The Bears have proposed building a $5 billion enclosed stadium and entertainment and housing complex on the site of the closed Arlington International Racecourse in Arlington Heights. The project has stalled while the team tries to negotiate favorable property taxes for the site.

The Bears reportedly are using the same surveying firm, Compass Surveying Ltd. in Aurora, that they used for Arlington Heights and other potential locations.

In response, the Bears would not confirm the report, but issued the following brief statement:

“As we stated in September earlier this year, we want to appropriately explore all opportunities across Chicagoland for the development of a world-class stadium.”

More here.

Read Full Post »


“At the Dec. 5 Board meeting, the Board held a public hearing for the estimated 2023 tax levy, which is the first step in the process to establish a final levy of property taxes to support the district in 2024. Barrington 220 collects property taxes from Kane, Lake, Cook, and McHenry Counties, and property taxes account for approximately 80% of the district’s annual operating revenues.

If approved, the district expects to receive an overall levy increase of 5.5% compared to last year, however, it is requesting a 6.3% increase in the event new construction is larger than expected. This is inclusive of capped funds and debt service obligations. Based on projections, the total expected tax revenue to be collected in 2024 is $158,062,300. The Board is anticipated to approve the final tax levy on Dec. 19.

As part of the tentative levy, the Board will not issue Debt Service Extension Base (DSEB) this year. This will save local taxpayers approximately $2.5 million.”

Click here to read “tax levy FAQs”

Read Full Post »

JH 20 - Website Header

By Kevin Bessler | The Center Square

A new report says that Illinois is home to one of the worst judicial hellholes in the country.

The American Tort Reform Foundation (ATRF) identified Illinois, specifically Cook County, as the second worst, the worst ranking in more than a decade.

The report says Illinois rivals California and New York for the most food and beverage class actions in the country due to the state’s reputation for allowing no-injury lawsuits and plaintiff-friendly consumer protection laws. But also the state’s controversial Biometric Information Privacy Act or BIPA is a problem, it says.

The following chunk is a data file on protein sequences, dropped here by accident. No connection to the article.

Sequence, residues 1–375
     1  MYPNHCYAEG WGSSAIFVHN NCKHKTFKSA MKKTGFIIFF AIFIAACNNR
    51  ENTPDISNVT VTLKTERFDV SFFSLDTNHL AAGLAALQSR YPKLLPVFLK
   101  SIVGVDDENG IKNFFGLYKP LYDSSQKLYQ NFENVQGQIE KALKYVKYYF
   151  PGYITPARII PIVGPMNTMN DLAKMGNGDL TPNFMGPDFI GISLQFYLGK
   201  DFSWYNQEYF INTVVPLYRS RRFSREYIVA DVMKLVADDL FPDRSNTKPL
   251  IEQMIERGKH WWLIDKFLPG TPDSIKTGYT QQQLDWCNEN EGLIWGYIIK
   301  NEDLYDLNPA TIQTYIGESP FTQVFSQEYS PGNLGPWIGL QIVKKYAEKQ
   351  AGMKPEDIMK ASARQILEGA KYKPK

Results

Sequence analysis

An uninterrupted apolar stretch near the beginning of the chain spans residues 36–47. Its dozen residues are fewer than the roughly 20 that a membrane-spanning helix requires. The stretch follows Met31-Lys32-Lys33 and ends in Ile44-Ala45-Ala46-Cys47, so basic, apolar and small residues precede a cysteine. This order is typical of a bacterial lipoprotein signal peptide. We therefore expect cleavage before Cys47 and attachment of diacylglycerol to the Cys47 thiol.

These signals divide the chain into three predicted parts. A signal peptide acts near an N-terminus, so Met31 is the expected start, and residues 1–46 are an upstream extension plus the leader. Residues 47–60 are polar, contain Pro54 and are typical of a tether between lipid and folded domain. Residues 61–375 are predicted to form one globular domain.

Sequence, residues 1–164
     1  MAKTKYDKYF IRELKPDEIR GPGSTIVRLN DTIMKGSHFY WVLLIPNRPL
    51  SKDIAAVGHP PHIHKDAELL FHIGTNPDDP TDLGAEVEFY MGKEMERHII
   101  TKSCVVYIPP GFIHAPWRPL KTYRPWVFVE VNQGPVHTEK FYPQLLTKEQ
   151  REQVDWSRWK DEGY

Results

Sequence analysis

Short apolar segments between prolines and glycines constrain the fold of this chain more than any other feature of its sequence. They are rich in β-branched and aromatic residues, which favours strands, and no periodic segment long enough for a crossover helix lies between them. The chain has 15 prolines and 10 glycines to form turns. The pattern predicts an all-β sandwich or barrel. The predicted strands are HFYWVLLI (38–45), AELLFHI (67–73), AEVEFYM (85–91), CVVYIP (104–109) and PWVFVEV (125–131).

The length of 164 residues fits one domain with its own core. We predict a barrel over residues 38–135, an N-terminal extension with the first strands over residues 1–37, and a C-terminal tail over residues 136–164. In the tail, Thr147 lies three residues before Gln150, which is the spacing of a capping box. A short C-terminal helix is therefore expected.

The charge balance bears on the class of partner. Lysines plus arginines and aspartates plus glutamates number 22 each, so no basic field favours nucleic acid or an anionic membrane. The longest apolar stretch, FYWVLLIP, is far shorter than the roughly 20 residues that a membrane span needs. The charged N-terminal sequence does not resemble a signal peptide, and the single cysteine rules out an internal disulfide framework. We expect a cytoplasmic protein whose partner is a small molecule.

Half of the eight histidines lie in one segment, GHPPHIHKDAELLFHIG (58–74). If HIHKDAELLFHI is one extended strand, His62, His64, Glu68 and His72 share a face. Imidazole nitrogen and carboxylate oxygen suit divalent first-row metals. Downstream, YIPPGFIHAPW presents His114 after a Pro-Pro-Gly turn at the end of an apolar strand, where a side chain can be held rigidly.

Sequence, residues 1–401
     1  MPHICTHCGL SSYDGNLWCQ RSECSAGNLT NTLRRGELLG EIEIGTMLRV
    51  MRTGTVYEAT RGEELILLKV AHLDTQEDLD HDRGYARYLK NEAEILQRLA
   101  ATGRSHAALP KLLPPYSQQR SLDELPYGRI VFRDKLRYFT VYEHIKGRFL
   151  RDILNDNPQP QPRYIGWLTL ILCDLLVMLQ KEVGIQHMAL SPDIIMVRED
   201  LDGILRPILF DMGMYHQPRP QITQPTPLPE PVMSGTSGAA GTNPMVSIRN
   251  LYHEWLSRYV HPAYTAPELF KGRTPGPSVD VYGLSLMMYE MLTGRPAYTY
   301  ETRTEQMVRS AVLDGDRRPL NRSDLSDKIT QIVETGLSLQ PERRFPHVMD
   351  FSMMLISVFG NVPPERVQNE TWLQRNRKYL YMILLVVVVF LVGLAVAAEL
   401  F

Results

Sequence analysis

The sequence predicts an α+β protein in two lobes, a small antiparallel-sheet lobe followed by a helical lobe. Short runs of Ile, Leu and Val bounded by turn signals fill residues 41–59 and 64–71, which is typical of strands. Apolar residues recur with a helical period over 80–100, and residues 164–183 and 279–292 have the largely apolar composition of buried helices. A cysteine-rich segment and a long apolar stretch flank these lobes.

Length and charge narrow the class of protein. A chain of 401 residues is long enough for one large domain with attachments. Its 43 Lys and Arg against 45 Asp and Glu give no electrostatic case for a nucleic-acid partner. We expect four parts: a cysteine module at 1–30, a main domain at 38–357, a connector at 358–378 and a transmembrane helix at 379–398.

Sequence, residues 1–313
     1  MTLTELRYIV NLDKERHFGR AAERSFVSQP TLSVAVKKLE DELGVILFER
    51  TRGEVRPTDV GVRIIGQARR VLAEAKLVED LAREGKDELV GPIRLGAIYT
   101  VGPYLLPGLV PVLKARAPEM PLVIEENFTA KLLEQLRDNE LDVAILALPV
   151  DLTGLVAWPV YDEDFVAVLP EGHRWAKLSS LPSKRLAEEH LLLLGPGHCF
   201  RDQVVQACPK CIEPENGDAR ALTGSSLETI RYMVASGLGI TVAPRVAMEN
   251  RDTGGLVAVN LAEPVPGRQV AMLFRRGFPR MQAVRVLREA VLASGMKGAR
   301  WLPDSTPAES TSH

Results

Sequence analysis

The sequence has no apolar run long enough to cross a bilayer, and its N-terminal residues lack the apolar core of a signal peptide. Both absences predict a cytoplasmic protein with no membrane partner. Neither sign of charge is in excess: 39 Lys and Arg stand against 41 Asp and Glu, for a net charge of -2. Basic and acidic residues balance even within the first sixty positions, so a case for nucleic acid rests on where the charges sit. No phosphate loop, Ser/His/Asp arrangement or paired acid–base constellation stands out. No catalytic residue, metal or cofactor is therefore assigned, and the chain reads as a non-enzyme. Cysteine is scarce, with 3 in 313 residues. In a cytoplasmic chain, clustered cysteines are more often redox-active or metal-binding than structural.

The Illinois Supreme Court ruled that every individual biometric information scan counts as a separate violation, meaning a single instance of biometric data collection can result in thousands of distinct claims.

“The way the courts have interpreted the statute doesn’t require that someone suffered an injury in order to bring a case, and when you have matters like that, your going to have more litigation, you’re going to have abuse of outcomes and it fosters an environment of excessive litigation,” ATRF President Tiger Joyce told The Center Square.

The report notes that there are over 1,100 Biometric Information Privacy Act cases pending in Illinois state and federal courts, with just seven law firms representing nearly 70% of the plaintiffs.

Read more here.

Read Full Post »

Union Label

(Scott Stantis/ For the Chicago Tribune)

By The Editorial Board Wall Street Journal

The alliance between Democrats and public unions is a dominant feature of modern politics, and the mutual love is growing. That’s the message of a new report by the Commonwealth Foundation, which dug into how government unions fund politics through direct campaign spending and political action committees.

The four largest government unions are the National Education Association (NEA), American Federation of Teachers (AFT), Service Employees International Union (SEIU) and the American Federation of State, County and Municipal Employees (Afscme). In the 2021-2022 election cycle, they spent more than $708 million combined on politics. Since 2012 union spending on federal elections has nearly tripled.

Democrats and their causes receive 95.7% of the cash from unions’ political action committees. In 2021-22 the Big Four gave more than $29 million to the SEIU’s United We Can super PAC and the NEA Advocacy Fund super PAC which support federal candidates for office. Another $16 million went to wealthy climate crusader Tom Steyer’s leftwing For Our Future Pac. Some $3 million went to Fair Share Massachusetts which supports a state wealth tax.

Big money also flows at the state level, where public unions all but run many state capitals. In 2021-2022, the four largest government unions spent $27.9 million in Illinois, $24.9 million in California, $13.2 million in Minnesota and $12.1 million in Pennsylvania.